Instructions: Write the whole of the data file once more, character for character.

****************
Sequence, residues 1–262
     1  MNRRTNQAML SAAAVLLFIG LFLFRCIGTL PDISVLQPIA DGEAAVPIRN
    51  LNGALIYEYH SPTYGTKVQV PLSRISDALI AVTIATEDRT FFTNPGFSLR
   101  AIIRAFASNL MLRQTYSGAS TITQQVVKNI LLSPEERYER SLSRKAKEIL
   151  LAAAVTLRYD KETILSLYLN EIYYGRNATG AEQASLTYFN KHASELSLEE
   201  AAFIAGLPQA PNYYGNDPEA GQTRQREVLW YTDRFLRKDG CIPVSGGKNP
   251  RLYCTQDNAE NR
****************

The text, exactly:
Sequence, residues 1–262
     1  MNRRTNQAML SAAAVLLFIG LFLFRCIGTL PDISVLQPIA DGEAAVPIRN
    51  LNGALIYEYH SPTYGTKVQV PLSRISDALI AVTIATEDRT FFTNPGFSLR
   101  AIIRAFASNL MLRQTYSGAS TITQQVVKNI LLSPEERYER SLSRKAKEIL
   151  LAAAVTLRYD KETILSLYLN EIYYGRNATG AEQASLTYFN KHASELSLEE
   201  AAFIAGLPQA PNYYGNDPEA GQTRQREVLW YTDRFLRKDG CIPVSGGKNP
   251  RLYCTQDNAE NR